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Alumna to give 2012 Commencement address

Sam Stryker | Tuesday, March 27, 2012

Notre Dame alumna Haley Scott DeMaria, who made an inspirational comeback from critical injuries sustained in a 1992 bus accident involving the Irish swimming team, will deliver the 2012 Commencement address, University spokesman Dennis Brown told The Observer.

DeMaria will also receive an honorary degree at the May 20 ceremony, to take place in Notre Dame Stadium.

In a release, University President Fr. John Jenkins said he believes DeMaria’s address will provide an appropriate message for those graduating.

“The courage, perseverance and faith Haley has demonstrated over the past 20 years have been remarkable and are a shining example for us all,” he said. “She has spoken to scores of groups across the country of the many challenges she faced in recovering from injuries suffered in the accident, always with a focus on God’s grace and the love and support she received from her family, friends and Notre Dame.”

“I’m sure that her words will be as inspirational to our graduates as they have been to so many others.”

Former United States Secretary of Defense and director of the Central Intelligence Agency Robert Gates delivered last year’s commencement address.

DeMaria suffered a broken back and was paralyzed after a team bus returning from a meet against Northwestern slid off the Indiana Toll Road during a snowstorm Jan. 24, 1992. Freshmen Meghan Beeler and Colleen Hipp died in the accident. Most of the other passengers on board suffered injuries, with DeMaria the most seriously hurt.

Doctors told DeMaria she likely would spend the rest of her life in a wheelchair. A week after the accident, she regained feeling in her legs. DeMaria was standing and walking within a month.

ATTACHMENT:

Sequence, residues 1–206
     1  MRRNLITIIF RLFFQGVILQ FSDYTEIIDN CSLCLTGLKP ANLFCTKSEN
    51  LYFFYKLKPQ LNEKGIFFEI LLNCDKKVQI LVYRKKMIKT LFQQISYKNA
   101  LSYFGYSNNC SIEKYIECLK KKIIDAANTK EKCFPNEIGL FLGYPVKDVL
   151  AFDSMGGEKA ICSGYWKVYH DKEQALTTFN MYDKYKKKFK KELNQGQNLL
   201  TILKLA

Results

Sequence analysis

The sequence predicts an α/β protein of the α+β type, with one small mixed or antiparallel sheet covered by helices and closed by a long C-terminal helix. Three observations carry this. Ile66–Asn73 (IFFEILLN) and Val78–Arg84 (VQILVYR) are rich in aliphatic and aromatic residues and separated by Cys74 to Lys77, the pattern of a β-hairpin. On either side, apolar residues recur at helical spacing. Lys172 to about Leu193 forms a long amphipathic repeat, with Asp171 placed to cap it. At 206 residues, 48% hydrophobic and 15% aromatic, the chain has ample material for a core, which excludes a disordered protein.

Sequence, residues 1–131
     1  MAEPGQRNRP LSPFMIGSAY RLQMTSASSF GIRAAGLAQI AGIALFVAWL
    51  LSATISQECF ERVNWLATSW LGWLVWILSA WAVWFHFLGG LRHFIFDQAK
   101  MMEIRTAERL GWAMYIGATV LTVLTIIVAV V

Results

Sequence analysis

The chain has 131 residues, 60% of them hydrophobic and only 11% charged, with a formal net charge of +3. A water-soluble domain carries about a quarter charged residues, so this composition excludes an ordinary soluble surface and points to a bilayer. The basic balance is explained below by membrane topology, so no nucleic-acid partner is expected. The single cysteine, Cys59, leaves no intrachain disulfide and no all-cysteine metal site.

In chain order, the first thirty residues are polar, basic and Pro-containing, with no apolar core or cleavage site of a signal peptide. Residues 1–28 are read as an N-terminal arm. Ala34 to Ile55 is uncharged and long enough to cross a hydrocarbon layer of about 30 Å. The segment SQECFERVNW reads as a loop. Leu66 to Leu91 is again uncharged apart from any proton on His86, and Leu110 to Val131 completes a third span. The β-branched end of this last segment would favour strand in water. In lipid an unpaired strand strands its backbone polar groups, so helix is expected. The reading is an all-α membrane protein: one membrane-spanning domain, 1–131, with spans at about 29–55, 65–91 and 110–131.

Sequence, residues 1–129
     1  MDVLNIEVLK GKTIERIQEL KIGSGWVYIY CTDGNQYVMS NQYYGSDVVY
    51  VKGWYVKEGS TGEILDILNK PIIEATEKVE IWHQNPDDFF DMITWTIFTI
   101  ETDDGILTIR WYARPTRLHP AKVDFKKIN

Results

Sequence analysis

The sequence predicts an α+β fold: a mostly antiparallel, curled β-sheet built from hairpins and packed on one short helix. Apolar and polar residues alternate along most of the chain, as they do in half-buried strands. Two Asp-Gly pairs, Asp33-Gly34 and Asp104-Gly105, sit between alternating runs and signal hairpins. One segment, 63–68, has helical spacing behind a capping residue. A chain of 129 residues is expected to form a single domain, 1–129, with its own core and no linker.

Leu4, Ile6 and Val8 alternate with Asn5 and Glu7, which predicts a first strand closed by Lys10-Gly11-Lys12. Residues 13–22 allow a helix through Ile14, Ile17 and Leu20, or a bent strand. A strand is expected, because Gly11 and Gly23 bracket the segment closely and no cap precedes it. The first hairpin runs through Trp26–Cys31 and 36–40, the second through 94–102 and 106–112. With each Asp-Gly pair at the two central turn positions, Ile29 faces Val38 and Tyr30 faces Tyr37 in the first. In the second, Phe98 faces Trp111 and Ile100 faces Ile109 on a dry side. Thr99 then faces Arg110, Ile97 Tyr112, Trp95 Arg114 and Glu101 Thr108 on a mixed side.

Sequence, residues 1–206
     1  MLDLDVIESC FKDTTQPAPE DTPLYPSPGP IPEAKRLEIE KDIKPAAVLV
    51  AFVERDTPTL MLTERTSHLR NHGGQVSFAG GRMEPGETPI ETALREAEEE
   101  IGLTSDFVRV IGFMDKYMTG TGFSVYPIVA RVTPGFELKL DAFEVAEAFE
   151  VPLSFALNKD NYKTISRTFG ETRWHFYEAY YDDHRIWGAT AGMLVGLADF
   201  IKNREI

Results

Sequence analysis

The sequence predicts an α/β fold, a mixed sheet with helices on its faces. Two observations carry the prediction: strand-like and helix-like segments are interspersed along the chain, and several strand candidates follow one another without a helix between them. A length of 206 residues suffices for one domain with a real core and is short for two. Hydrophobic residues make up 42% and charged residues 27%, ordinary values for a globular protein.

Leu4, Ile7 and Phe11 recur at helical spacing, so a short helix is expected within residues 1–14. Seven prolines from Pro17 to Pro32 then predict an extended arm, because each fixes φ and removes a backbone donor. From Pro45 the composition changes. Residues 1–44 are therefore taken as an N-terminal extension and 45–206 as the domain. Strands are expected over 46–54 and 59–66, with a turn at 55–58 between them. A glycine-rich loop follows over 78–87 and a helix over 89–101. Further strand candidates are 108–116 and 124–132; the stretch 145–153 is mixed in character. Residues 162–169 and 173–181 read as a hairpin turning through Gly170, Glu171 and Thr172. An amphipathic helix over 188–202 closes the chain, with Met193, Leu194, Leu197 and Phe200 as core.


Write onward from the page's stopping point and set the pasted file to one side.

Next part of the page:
DeMaria returned to take classes in the spring of 1992, and began swimming in the fall. On Oct. 29, 1993, she completed her comeback, swimming the 50-yard freestyle – and winning her heat.

DeMaria has said she is honored to share the story of her incredible comeback.

“It is moving, gratifying and inspiring to speak to people about my recovery,” she has said. “It is a gift to pass along hope.”

DeMaria has received several notable honors for her amazing comeback, including the Spirit of Notre Dame Award, Honda Award for Inspiration and Gene Autry Courage in Sport Award. She was named Woman of the Year by the National Women’s Leadership Conference in 1994 and a fellow of the Institute for International Sport. DeMaria is also the first vice president for the Notre Dame Monogram Club and will begin her two-year service as president starting in 2013.

DeMaria graduated in 1995, and now lives in Annapolis, Md., with her husband, 1995 alum Jamie DeMaria, and two sons.

She has shared her story in a book and has plans for a movie.

Contact Sam Stryker at sstryke1@nd.edu